Earthquakes and volcanoes cause damage not only to
humans and their structures, but to the environment and wildlife.
Earthquakes can cause damage by shaking, tsunamiís, and
landslides. Volcanoes can cause damage by ash flows, release of gases,
mudflows, lava flows, and landslides.
Earthquakes may be associated with volcanic hazards,
especially as a precursor to an eruption. However, earthquakes can cause
disasters without the help of a volcano. Earthquakes generate seismic waves
that can release great energy. But if the earthquake occurs in an area that
is not populated, it is not a human disaster.
Volcanic damage occurs because of the products
generated by an eruption. The type of eruption is important. For instance, a
quiet lava eruption gives human enough time to evacuate an area. Violent
eruptions that occur with little warning are sometimes difficult to avoid.
Many people do not believe that volcanoes can cause much damage, and refuse
Volcanoes erupt differently, depending on the
composition and thickness of the erupting lava, the amount of gas in the
parent magma, and force of the eruption. Volcanoes that erupt lava that is
low in silica and gases tend to be "quiet," mostly pouring out
streams of fairly fluid lava. Kilaeua volcano in Hawaii is a good example.
Volcanoes that erupt silica-rich magmas, and that have a lot of gas, tend to
be explosive. This produces tremendous clouds of volcanic ash, ash flows,
and gases. The loose material produced by these eruptions often becomes the
raw material for landslides or mudflows. can cause dangerous explosions as
well as gentle lava flows.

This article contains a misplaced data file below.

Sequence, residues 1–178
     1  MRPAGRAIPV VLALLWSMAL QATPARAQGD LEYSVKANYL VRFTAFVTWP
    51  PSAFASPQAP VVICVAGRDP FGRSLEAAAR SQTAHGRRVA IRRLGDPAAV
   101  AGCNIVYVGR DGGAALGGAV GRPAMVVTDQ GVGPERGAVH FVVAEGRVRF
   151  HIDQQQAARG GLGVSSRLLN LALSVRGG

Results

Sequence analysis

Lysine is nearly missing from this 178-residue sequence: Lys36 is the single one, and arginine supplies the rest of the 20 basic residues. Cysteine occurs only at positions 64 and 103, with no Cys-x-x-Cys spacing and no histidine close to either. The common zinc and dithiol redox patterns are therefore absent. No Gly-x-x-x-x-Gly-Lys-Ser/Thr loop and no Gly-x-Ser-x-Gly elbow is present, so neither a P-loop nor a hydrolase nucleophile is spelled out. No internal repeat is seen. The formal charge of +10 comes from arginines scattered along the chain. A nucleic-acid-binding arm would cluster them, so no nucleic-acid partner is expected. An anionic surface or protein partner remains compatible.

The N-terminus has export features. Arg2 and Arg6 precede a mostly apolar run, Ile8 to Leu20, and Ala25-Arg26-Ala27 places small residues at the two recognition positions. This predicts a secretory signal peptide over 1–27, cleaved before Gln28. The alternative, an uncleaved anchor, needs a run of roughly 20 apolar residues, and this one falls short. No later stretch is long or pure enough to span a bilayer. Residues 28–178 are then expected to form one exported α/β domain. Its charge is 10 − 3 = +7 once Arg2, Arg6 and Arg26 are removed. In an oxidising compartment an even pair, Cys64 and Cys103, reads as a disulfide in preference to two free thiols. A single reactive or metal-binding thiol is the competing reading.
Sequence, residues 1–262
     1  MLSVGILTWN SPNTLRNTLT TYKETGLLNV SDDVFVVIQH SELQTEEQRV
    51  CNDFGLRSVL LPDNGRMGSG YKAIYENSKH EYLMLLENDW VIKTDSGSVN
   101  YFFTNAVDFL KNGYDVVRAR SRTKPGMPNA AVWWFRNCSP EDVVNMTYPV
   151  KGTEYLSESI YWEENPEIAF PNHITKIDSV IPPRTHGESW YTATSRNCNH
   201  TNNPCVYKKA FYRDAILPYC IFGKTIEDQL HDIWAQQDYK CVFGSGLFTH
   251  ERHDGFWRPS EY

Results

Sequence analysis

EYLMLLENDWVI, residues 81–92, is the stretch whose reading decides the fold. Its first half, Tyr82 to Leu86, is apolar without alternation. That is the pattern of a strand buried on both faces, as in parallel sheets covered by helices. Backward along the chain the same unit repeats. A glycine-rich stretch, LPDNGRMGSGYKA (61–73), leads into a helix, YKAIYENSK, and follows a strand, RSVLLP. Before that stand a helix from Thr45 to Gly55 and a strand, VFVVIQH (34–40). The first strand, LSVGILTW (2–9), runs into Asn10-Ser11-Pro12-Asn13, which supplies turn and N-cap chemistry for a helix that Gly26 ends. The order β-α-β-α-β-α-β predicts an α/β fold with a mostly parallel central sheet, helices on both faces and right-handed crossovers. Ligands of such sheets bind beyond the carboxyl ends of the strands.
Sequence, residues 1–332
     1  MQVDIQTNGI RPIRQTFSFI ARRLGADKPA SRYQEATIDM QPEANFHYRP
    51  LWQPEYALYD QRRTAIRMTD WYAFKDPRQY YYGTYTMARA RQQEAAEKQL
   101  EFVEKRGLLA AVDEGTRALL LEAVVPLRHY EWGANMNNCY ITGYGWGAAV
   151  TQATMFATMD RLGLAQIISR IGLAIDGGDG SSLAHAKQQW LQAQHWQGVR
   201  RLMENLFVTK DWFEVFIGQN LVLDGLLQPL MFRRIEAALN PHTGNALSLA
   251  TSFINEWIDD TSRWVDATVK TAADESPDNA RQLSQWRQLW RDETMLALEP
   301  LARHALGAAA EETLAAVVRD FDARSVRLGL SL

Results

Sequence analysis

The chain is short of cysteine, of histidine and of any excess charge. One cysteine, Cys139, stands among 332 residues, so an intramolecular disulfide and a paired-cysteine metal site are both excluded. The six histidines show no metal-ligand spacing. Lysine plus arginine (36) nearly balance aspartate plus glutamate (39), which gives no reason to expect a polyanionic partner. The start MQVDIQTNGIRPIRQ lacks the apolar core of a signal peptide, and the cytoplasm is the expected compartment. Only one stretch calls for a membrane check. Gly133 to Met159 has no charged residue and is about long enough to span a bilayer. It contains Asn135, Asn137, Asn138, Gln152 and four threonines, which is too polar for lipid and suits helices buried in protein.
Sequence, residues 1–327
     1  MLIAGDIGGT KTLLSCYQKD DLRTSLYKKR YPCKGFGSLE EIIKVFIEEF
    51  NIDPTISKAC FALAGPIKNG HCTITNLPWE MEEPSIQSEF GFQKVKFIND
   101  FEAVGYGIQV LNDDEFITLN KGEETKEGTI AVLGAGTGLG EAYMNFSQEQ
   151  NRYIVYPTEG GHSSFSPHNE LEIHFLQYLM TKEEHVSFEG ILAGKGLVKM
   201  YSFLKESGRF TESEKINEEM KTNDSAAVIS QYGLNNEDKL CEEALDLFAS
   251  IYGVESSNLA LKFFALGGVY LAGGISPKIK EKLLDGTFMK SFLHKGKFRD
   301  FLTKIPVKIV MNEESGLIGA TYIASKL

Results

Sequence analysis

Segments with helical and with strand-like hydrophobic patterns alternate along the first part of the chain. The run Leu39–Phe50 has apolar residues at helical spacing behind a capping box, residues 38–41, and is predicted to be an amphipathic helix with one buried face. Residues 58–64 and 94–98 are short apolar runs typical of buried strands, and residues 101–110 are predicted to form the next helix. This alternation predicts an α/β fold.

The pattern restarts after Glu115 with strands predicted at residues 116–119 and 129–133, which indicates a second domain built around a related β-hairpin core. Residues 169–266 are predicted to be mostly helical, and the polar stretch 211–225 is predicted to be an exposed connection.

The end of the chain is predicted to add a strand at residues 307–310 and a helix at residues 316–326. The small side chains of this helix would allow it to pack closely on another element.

- With the class, review that earthquakes and volcanoes are dangerous.
Explain that every year, they cause damage not only to humans, but to
the environment and wildlife as well. Earthquakes cause damage to structures that cannot withstand shaking. Volcanoes can cause dangerous
explosions as well as gentle lava flows. Explain that this unit will
concentrate on volcanic hazards. Remind the students that after an
eruption, life will come back in due time.
- Show the class the slides of the aftermath of the 1980 Mt. St. Helens
eruption and other disasters in the Volcano Slideshow. The remaining
slides show different types of hazards, ranging from flowing lava to
violent eruptions causing great plumes of ash and debris to explode from
- Show the students the image below, or draw it on your board. Make sure
that the students understand that water (melted snow) mixes with ash to
form mudflows. Ask students if the shape of a volcano determines if the
mud moves slowly or fast. The steeper the slopes of a volcano, the
faster the mudflow will "ride down" its flanks. In the lab,
students will learn that the more viscous (thicker) the material, the
faster it will flow.